I chose to deal with the science of cryptography. Cryptography began in mathematics. Codes were developed, even from Caesar’s time, based on number theory and mathematical principles. I decided to use those principles and designed a work that is encoded… James Sanborn


The emperor’s codes : the breaking of Japan’s secret ciphers New York : Arcade Pub., 2001 Michael Smith World War, 1939-1945 Cryptography Hardcover. 1st U.S. ed. and printing. 323 p. : ill., maps ; 24 cm. Includes bibliographical references (p. 305-309) and index. Clean, tight and strong binding with clean dust jacket. No highlighting, underlining or marginalia in text. VG/VG  

In this gripping, previously untold story from World War II, Michael Smith examines how code breakers cracked Japan’s secret codes and won the war in the Pacific. He also takes the reader step by step through the process, explaining exactly how the code breakers went about their daunting task — made even more difficult by the vast linguistic differences between Japanese and English.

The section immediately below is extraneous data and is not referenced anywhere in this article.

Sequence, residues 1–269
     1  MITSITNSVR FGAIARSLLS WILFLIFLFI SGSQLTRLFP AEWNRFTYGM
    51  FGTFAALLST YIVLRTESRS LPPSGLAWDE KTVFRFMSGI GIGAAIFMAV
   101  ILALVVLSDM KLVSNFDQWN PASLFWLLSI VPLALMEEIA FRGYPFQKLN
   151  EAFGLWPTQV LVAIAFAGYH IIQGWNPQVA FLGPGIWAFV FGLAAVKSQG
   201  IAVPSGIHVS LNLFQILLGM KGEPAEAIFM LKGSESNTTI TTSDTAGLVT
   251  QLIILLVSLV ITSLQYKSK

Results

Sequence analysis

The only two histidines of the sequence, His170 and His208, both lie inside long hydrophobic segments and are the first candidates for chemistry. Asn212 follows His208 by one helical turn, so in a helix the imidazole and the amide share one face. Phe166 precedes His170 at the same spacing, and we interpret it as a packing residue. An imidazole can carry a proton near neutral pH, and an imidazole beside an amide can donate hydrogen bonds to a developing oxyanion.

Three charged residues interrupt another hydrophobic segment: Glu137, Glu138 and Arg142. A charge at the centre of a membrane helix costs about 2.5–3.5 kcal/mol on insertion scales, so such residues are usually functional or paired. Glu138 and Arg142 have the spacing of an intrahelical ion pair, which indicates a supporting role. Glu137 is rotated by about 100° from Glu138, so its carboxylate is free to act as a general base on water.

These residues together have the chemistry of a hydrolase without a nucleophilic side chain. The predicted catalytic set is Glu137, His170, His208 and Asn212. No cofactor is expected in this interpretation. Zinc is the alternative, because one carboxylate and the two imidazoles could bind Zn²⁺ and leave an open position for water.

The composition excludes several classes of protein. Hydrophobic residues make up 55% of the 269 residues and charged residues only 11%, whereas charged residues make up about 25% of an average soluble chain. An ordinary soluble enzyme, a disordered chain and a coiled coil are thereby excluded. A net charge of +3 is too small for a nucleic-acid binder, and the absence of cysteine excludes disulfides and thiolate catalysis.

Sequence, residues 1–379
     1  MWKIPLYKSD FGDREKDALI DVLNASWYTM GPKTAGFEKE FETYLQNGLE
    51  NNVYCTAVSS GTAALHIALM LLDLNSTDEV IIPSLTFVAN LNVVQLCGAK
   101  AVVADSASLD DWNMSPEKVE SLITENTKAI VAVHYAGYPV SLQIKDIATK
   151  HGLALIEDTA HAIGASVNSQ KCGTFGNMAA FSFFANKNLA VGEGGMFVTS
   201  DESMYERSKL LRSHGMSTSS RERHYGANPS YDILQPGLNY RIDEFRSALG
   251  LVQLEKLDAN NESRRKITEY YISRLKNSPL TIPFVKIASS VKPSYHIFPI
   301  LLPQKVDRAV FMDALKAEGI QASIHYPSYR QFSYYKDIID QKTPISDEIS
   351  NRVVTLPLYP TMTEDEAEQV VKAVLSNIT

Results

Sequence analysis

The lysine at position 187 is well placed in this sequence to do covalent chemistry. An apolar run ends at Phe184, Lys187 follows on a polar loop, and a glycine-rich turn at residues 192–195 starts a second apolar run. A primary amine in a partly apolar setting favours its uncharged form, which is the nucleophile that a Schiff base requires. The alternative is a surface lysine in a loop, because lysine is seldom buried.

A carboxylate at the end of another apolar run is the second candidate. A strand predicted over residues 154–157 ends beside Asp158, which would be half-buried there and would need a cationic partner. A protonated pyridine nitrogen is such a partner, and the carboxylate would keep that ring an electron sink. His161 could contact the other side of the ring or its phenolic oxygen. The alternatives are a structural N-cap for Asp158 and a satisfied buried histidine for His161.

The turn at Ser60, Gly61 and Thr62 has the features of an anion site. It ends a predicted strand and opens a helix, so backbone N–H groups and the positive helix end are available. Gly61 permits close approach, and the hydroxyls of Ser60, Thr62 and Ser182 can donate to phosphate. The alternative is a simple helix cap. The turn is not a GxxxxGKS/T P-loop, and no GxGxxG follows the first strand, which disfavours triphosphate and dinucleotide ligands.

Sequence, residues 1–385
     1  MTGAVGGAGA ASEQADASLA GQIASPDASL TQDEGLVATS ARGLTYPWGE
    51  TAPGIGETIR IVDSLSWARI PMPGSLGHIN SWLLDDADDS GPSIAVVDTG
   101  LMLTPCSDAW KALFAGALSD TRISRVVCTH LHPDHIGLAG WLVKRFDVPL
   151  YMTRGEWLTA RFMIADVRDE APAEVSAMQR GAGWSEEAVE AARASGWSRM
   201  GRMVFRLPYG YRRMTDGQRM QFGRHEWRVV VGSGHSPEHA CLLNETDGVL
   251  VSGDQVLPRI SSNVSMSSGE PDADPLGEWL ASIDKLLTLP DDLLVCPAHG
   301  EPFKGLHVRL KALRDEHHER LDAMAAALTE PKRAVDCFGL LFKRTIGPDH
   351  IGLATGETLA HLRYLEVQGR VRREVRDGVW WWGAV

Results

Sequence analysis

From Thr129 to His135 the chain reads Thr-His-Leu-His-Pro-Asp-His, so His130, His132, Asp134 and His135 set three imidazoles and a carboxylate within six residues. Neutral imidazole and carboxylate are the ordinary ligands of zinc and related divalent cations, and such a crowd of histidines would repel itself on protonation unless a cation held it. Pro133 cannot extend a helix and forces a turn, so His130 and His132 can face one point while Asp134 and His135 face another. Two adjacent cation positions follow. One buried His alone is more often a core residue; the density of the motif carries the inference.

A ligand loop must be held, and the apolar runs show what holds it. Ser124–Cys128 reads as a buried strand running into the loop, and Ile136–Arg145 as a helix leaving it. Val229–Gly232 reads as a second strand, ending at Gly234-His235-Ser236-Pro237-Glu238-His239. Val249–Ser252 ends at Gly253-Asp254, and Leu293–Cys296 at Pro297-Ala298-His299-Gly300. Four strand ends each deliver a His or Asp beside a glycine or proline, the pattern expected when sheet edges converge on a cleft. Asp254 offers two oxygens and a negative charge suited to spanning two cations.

The Emperor’s Codes moves across the world from Bletchley Park to Pearl Harbor, from Singapore to Colombo, and from Mombasa to Melbourne. It tells the stories of John Tiltman, the British soldier turned code breaker who made many of the early breaks in Japanese diplomatic and military codes; Commander Joe Rochedort, the leading expert on Japanese in U.S. naval intelligence; Eric Nave, the Australian sailor who pioneered breakthroughs in deciphering Japanese naval codes; and Oshima Hiroshi, the hard-drinking Japanese ambassador to Berlin whose candid, often verbose reports to Tokyo of his conversations with Hitler and other high-ranking Nazis were a major source of intelligence in the war against Germany. Without the dedication demonstrated by these relatively unsung heroes, the outcome of World War II might have been very different.

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